The corrosion inhibitor remover, if employed, removes the corrosion inhibitor from copper surfaces following contamination removal (e.g., via the contamination remover). The corrosion inhibitor typically renders surfaces hydrophobic leading to residues of non-volatile residue during drying and can affect via resistance and therefore preferably is removed. The corrosion inhibitor may be removed via a rinse step with a fluid containing the corrosion inhibitor remover following semiconductor wafer cleaning, or via any similar process (e.g., a spray, a rinse tank, megasonic tank, a Marangoni spin or lift process, etc.). The corrosion inhibitor may be a solvent such as isopropyl alcohol or an oxidant such as hydrogen peroxide. Any chemical that removes the corrosion inhibitor without damaging the other surfaces of the semiconductor wafer may be used.
The inventive cleaning solution may contain two or more of the above listed components. For instance, the following five cleaning solution combinations are preferred:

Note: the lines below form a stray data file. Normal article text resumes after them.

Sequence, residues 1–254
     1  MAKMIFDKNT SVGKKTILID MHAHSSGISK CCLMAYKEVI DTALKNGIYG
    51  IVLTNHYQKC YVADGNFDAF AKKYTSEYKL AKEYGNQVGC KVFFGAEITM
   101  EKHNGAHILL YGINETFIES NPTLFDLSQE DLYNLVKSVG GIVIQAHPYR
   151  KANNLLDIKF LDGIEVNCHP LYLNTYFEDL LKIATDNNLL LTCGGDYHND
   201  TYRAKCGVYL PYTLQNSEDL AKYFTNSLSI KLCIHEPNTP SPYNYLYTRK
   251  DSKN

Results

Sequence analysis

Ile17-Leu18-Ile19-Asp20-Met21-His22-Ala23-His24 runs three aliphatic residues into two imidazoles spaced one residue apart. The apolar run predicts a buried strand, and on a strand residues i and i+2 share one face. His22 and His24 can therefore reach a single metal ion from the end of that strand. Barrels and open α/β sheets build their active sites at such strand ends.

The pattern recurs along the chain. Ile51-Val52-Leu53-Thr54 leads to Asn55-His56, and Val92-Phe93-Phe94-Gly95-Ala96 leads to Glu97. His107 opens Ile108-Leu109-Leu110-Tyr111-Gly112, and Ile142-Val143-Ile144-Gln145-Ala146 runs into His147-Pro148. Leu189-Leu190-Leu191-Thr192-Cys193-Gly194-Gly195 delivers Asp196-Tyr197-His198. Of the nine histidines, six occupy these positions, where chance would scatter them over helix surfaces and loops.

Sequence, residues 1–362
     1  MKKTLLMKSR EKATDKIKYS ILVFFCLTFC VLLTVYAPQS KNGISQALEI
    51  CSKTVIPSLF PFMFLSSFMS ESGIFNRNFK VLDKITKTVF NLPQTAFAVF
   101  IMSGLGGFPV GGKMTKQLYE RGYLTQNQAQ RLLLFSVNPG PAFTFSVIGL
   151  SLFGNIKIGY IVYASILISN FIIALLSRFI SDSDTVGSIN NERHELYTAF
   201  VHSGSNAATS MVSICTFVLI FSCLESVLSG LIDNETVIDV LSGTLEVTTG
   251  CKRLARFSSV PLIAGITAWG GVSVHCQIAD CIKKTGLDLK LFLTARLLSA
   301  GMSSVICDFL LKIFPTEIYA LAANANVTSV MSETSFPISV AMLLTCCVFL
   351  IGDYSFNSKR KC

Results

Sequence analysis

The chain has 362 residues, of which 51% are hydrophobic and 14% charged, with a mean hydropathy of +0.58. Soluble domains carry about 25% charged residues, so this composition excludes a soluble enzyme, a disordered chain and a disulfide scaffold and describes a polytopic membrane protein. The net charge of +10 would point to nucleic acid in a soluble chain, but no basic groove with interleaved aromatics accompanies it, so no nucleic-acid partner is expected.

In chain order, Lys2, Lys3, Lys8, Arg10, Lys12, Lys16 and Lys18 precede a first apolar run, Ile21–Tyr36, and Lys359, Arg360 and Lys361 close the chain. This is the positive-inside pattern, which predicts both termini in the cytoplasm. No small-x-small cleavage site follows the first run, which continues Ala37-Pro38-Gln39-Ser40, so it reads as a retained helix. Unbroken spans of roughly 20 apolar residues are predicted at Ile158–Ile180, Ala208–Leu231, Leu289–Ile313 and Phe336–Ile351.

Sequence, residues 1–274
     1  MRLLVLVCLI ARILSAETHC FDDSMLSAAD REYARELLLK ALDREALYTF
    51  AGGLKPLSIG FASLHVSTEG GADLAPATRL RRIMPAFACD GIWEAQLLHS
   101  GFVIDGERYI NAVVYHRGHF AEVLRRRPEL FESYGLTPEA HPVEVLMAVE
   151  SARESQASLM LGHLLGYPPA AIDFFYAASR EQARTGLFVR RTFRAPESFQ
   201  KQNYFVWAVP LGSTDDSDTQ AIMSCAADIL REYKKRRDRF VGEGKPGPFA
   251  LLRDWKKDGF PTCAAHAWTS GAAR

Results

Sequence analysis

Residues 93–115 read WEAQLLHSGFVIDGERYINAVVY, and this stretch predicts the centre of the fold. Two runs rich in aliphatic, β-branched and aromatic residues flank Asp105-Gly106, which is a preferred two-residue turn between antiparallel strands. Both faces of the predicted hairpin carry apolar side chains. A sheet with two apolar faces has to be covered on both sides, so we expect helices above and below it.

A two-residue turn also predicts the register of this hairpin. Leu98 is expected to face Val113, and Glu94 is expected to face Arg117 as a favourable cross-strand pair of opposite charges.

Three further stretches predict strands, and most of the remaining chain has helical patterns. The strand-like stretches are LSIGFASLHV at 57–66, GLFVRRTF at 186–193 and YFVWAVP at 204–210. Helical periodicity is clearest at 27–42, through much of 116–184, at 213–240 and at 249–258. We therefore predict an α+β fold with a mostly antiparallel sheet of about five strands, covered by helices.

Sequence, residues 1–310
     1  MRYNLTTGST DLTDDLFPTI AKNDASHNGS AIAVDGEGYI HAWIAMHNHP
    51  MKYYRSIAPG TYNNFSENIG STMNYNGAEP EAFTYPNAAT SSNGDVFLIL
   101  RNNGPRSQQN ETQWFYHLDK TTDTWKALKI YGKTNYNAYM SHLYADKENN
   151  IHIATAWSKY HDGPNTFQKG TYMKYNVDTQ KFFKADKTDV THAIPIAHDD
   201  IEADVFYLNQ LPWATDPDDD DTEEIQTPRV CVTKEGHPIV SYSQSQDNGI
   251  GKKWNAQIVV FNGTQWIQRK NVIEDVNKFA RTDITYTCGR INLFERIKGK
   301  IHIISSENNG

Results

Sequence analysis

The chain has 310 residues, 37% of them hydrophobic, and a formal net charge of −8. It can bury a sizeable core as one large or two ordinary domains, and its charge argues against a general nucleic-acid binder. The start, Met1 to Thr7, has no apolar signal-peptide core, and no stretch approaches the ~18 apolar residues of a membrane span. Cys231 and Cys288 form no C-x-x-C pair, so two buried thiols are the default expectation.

(1) a first cleaning solution comprising a zeta potential modifier and a pH adjuster;
(2) a second cleaning solution comprising a zeta potential modifier, a pH adjuster and a contamination remover;
(3) a third cleaning solution comprising a zeta potential modifier, a pH adjuster, a contamination remover and a corrosion inhibitor;
(4) a fourth cleaning solution comprising a pH adjuster and a contamination remover; and
(5) a fifth cleaning solution comprising a pH adjuster, a contamination remover and a corrosion inhibitor.
The above described cleaning solutions remove copper contaminants, slurry particles and other contaminants from the polished surfaces of interconnects, without adversely affecting the interconnect itself.